Miami, FL. November 17 | Pan American Art Projects is pleased to be invited to participate in Pinta Miami, with the work of León Ferrari (Argentina, 1920 - 2013) and Rachel Valdés (Cuba, 1990), specifically chosen by Gean Moreno for “Intersections”.
The works of the artists are related through the language of abstraction and the apparent order of the chaotic elements that compose them. Ferrari's work is made up of asymmetrical and amorphous lines as a representation of the critical word and of an external discourse directed towards the centers of mass domination; while the poetry of Rachel Valdés is based on an interior dialogue, self-analysis, and the recognition of being in matter.
Both artists intersect at the apex of abstraction, where their works transcend the established visual and spoken languages, and create their own language.
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León Ferrari was trained to be an engineer, but became a mostly autodidactic artist. His work can be found in important public collections, amongst others: the Tate Modern, London; The Museum of Fine Arts, Houston; Museum of Modern Art, New York; Museo de Arte Latinoamericano de Buenos Aires; Museo de Arte Contemporáneo, Buenos Aires; Museo de Arte Moderno de Buenos Aires; Pinacoteca do Estado de São Paulo, Brazil; and the Museo de Arte Moderno de México, Mexico City. In October of 2007, he was awarded the Gold Lion at the 52nd Venice Biennale. In 2010 The Museum of Modern Art (MoMA) in New York inaugurated ‘Tangled Alphabets’ a two-artist retrospective of León Ferrari and Mira Schendel. The exhibition in New York was followed by presentations at the Museo Nacional Centro de Arte Reina Sofía in Madrid; and the Fundação Iberê Camargo in Porto Alegre, Brazil. At the forefront of pre-conceptual art, Ferrari’s career developed at a time when the question of language was particularly central to Western culture due to the role taken by post-structuralism, semiotics, and the philosophy of language. Ferrari worked in a wide range of art forms and mediums. He explored techniques such as sculpture, painting, drawing, and assemblage to film, collage, mail art, poetry, and sound. During his time in Italy in the 1950s, he produced ceramic sculptures stylistically connected to the European abstraction of the time. Upon returning to Argentina, he continued to create sculptural works of metal wires and rods before beginning what would become his most iconic works, written drawings on paper and, ultimately, installations, developing an organic style in which gestural forms appear both as abstractions and as explorations of the codes of writing. Known for his antagonistic political stance and artistic ethics, Ferrari obtained international acclaim when his work was included in the 2000 survey exhibition ‘Heterotopias’ at the Centro Reina Sofía in Madrid. Four years later in 2004, a national scandal arose at the Centro Cultural Recoleta in Buenos Aires, where the artist had his first major retrospective exhibition. During the forty days that the exhibition lasted, 70,000 visitors passed through the art center, 1,000 articles were printed, and countless manifestations arose both against and in defense of the artist and his work; this mass outpouring of attention solidified Ferrari as one of the most important artists of Latin America.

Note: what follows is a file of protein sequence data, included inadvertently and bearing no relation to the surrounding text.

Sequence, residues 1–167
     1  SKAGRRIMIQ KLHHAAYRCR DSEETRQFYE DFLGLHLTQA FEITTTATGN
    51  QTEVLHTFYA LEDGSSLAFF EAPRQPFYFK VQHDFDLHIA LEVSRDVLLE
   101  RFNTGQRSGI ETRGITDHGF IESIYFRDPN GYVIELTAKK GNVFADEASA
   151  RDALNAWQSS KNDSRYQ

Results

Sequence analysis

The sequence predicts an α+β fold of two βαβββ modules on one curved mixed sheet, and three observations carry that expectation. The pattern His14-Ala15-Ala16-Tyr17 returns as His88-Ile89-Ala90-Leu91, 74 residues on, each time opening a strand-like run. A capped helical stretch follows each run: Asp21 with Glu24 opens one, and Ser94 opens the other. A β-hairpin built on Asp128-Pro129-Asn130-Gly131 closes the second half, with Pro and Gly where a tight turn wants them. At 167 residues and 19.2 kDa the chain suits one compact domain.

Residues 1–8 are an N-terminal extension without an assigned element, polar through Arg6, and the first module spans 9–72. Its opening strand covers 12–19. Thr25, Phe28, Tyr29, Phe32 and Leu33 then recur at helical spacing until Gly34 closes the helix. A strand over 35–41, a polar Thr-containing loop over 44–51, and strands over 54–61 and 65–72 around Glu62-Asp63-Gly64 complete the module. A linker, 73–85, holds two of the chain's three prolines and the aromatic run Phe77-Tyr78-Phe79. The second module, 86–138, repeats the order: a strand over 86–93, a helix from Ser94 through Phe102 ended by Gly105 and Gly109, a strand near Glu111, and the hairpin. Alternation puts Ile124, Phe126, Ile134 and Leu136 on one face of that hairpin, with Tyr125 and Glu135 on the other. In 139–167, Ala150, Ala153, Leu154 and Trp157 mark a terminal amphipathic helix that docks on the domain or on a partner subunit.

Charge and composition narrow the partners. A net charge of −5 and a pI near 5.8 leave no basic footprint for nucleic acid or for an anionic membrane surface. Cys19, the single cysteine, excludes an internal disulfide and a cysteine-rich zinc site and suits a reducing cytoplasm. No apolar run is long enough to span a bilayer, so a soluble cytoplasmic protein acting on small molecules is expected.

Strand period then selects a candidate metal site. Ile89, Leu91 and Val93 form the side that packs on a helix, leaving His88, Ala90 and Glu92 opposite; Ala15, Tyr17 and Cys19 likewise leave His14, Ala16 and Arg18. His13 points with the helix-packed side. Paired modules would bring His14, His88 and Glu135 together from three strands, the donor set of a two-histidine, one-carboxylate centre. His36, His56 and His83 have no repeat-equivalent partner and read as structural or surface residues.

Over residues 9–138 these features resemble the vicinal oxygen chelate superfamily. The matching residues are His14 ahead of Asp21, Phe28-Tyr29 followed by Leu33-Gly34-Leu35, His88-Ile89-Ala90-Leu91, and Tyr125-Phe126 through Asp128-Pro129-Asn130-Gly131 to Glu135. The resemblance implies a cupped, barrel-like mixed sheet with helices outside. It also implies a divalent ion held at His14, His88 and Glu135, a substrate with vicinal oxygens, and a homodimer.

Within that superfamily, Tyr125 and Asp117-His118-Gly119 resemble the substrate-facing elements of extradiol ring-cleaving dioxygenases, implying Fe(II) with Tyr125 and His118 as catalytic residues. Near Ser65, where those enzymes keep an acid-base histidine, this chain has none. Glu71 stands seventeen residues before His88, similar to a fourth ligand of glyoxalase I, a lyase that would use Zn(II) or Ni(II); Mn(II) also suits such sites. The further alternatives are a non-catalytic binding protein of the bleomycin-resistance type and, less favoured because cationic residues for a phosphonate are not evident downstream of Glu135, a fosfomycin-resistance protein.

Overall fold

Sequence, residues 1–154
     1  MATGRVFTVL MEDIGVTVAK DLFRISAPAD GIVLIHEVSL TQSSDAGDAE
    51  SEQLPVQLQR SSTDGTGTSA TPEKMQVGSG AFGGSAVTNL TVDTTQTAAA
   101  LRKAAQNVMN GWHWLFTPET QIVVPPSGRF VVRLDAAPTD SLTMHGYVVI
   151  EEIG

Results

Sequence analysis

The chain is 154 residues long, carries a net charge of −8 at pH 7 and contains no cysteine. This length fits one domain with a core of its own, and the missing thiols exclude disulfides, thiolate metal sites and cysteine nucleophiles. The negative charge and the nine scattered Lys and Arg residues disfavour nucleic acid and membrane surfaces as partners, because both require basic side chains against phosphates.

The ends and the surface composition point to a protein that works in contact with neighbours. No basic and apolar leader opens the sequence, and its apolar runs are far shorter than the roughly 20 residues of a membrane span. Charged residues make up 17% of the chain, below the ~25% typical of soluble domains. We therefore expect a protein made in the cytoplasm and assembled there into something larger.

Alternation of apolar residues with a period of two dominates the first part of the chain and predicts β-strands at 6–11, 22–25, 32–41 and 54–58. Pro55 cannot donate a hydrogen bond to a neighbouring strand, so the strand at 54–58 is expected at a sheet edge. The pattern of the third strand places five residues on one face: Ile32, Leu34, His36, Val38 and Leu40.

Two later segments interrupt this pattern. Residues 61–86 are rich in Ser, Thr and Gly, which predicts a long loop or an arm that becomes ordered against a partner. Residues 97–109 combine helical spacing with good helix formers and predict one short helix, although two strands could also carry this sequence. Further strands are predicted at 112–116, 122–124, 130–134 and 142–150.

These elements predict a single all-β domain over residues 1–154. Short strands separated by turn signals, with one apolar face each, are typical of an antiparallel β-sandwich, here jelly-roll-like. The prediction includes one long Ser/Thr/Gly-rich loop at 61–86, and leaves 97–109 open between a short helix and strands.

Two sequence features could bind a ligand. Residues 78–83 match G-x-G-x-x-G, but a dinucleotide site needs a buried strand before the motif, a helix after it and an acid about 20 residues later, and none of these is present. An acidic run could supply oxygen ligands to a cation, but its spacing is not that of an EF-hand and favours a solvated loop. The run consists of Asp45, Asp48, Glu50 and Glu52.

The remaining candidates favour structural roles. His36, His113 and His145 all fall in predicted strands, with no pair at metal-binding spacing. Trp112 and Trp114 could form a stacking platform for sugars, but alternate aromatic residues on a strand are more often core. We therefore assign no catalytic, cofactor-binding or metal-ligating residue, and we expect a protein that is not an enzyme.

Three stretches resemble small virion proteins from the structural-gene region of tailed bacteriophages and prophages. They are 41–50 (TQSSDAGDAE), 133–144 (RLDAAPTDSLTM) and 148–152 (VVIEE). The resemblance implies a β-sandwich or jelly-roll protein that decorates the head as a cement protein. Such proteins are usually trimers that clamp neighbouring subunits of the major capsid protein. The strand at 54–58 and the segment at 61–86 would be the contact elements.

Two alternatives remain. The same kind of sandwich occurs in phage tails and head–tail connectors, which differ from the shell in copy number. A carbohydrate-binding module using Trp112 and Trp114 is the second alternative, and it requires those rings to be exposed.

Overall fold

Rachel Valdés graduated from the San Alejandro National Academy of Fine Arts, specializing in Painting. She has used different means of artistic manifestation in addition to painting and photography, creating pieces of Land Art, Public Interventions, and large-format installations. In 2016, she won the award granted by the Rockefeller Brothers Fund and the Cuban Art Fund institutions and exhibited a piece in Times Square, NY. Another significant piece is Cubo Azul, which she exhibited at the XII Havana Biennial in 2015. (...) “I have always been interested in inquiring about perpetual and sensory issues. Many times I try to distort and reinterpret an environment through different elements placed according to a space... I look for new ways of living, by observing what surrounds us. I am attracted to the idea of putting the viewer as a fundamental part of the work, providing a state of presence, recognition, and contemplation, creating a dialogue between the subject, the object, and the environment. I refer to the dilemma between the different realities that make up the life of the human being, the mental and the physical, the objective and the subjective ”. – Rachel Valdés.